Cruising officially returns to Australia on 17 April, but that in no way means the industry will be back on track straight away.
Federal health minister Greg Hunt announced last month that the ban would come to an end on the basis of health advice.
However, it’s not just a matter of giving the green light and the industry resumes.
For a start, there are hardly any ships in the area as they are servicing the Northern Hemisphere season – Australia’s cruising season begins in October – and secondly these massive cruisers require a tremendous amount of support in the form of food and beverages and workers. Reactivating their supply chains is going to take considerable effort.
So, while some ships will begin cruising next month, it could be six months before the industry gets back up to speed.
Cruise Lines International Association managing director Australasia Joel Katz welcomed the decision and said the resumption of sailing was going to be a boon for the tourism industry.
“The announcement is a huge breakthrough for more than 18,000 Australians who depend on cruise tourism, including travel agents, food providers, port workers and other industry suppliers,” Mr Katz said.
However, he said there was still much preparation to complete before cruise ships could return to Australia.
So, what does it take to keep a cruise ship supplied? The figures are astonishing.
Symphony of the Seas, one of the world’s largest cruising ships, feeds about 6600 passengers and 2200 crew and on a typical seven-day itinerary uses 60,000 eggs 4400kg of chicken, nine tonnes of potatoes, 300kg of ice cream and 450 cases of champagne.
Symphony of the Seas does not sail in Australia, but for something a bit closer to home, a Celebrity Cruise ship based in Sydney will typically order each season 58,000 bottles of wine, more than 170,000 bottles of beer, 20 tonnes of pineapple, 23 tonnes of tomatoes, 46 tonnes of potatoes, 37,600 eggs and 118,900 bags of flour.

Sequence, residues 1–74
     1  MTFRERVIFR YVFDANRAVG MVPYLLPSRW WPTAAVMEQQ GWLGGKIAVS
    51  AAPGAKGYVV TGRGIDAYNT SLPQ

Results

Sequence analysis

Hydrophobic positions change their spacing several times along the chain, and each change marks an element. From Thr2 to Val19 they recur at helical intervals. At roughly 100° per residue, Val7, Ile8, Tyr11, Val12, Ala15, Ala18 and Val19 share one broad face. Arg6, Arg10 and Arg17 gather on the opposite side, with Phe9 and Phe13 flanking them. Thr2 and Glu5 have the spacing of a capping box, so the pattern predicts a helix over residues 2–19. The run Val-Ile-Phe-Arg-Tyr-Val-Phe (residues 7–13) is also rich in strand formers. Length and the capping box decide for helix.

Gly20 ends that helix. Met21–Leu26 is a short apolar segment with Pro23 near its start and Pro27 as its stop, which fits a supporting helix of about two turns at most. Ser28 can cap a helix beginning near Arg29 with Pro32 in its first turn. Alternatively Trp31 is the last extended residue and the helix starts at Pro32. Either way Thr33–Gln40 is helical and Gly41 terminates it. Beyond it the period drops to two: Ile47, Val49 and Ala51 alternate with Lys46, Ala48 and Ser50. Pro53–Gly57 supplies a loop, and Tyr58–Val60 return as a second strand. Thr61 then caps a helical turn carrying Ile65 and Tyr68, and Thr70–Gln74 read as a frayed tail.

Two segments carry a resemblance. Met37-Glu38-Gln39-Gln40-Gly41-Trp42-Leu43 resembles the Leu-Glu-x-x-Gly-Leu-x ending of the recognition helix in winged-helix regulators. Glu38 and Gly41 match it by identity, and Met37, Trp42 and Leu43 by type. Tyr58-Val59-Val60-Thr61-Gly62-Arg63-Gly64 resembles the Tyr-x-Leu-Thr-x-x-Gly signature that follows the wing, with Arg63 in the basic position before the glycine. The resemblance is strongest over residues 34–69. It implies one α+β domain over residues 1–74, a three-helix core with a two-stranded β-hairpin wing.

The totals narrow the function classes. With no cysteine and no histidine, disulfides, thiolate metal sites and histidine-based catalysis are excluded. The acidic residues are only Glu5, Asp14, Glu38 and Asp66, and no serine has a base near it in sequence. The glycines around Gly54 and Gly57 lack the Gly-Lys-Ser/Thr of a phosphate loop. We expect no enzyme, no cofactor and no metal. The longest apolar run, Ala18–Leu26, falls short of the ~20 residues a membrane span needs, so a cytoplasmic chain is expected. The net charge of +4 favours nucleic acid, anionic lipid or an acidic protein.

The line also contracts 26 loadings of food and beverages across Australia and New Zealand to ensure the food is fresh and seasonal.
P&O told cruise review site cruisecritic.com.au that in Australia the group will buy 500 tonnes of beef, 600 tonnes of chicken and 200 tonnes of bacon. It also goes through 20 tonnes of espresso coffee, which is astounding when only 10g of coffee is needed for an espresso.
Australian lamb is supplied across the group.
And then there is serving all that food up and keeping a cruiser ‘shipshape’.
A Cunard spokesperson told Conde Nast Traveller that daily servicing the Queen Mary 2 was a massive task.
“It’s like checking out the entire Plaza Hotel in New York after breakfast, having the entire kitchen restocked during the morning, changing every bed linen and towel, checking back in the entire hotel during the afternoon and holding a state banquet every evening.”
Loading all those supplies is another test. Due to their short docking time, it’s a logistical challenge to load all that food in the short window the ships are at port. Workers often only have a matter of hours to resupply a whole ship.
While international cruise ships have federal approval, they will still need to meet all state and territory public health requirements.
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